Tactically Di Matteo was no less extreme than his predecessor. While AVB was far too attack minded, Di Matteo was the opposite. Like AVB, he had his bread and butter formation that he'd use basically every match. Regardless of the personnel he'd use on any given occasion, they'd be plugged into his 4-2-3-1 formation. Unlike AVB though, it was defense first for Roberto. His units would be well drilled defensively, rarely conceding silly goals. They'd generally struggle in the attack though, rarely scoring more than twice.
There was no better example of AVB's extreme tactics than our last 4 cup games. The two legs against Barcelona, the FA Cup final, and the game yesterday against Bayern Munich were all games where we sat back and countered. While it's a good strategy overall, I really did take some issue with the extreme to which we took that measure yesterday. Bayern are a very good club, but I don't believe we needed to take the defensive approach that far. We invited loads pf pressure, and on most occasions that approach would have led to a thoroughly dominating defeat. I'm not convinced we needed to go to that sort of extreme to beat this Bayern squad, from the 83rd minute on we certainly looked more than capable of coming out of our shell to pose a threat occasionally. I'd even go so far as to say we looked like the better team towards the end of the match.
With that in mind, Di Matteo had his side drilled to absolute perfection yesterday. While Bayern had an unbelievable number of shots, Chelsea blocked an incredible 22. When Bayern did get a shot by the defense, it was often off target due to their great positioning. Petr Cech was perfectly schooled on Bayern's tendencies, getting a hand on 4 out of 6 Bayern penalties and saving a ridiculous 3. We had 1 corner, we executed perfectly. The preparation for Barcelona was no less amazing, and in that regard Di Matteo has absolutely been fantastic.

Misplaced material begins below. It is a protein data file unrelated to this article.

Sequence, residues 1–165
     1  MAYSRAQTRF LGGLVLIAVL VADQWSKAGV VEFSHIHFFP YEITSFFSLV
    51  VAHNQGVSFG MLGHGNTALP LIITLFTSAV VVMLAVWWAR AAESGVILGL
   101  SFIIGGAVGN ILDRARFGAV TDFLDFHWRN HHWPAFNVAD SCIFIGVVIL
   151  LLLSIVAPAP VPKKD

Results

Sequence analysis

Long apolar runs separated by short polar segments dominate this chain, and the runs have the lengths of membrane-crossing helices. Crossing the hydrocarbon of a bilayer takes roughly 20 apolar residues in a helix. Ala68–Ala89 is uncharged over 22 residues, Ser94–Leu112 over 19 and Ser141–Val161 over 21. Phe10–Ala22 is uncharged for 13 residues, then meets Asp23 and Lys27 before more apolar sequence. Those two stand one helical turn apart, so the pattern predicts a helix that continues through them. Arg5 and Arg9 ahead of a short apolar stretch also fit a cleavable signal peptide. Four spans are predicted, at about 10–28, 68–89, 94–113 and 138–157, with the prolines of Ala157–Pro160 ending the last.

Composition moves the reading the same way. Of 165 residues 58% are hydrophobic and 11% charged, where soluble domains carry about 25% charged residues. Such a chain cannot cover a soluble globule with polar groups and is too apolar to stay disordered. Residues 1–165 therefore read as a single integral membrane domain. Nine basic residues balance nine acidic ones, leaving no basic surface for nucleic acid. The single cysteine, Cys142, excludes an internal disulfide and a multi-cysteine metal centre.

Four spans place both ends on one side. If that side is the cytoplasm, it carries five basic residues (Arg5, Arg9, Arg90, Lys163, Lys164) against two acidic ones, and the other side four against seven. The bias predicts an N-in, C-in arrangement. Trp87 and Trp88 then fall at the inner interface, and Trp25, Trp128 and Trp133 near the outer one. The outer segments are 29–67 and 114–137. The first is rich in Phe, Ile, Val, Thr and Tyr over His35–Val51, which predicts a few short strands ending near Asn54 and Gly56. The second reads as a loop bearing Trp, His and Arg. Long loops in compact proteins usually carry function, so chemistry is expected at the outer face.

In the end, I'm unsure what I'd like the club to do with it's managerial vacancy. Di Matteo has achieved what nobody before him has been able to do, that alone should warrant him some serious consideration. Unlike all the others, though, he set about it at the expense of the league. Chelsea will be playing for an incredible 7 trophies next season (counting the community shield), and that's going to be an awful lot of fixtures. Most fans (myself included) will not be satisfied to see our league place suffer again in our quest for other trophies. A less rigid manager may be what we need for success on multiple fronts, then again, it may not. That's a problem for slightly later though, for the rest of the day let's just enjoy what happened in Munich yesterday. Thanks for saving our season Robbie, whatever happens going forward we'll always remember that.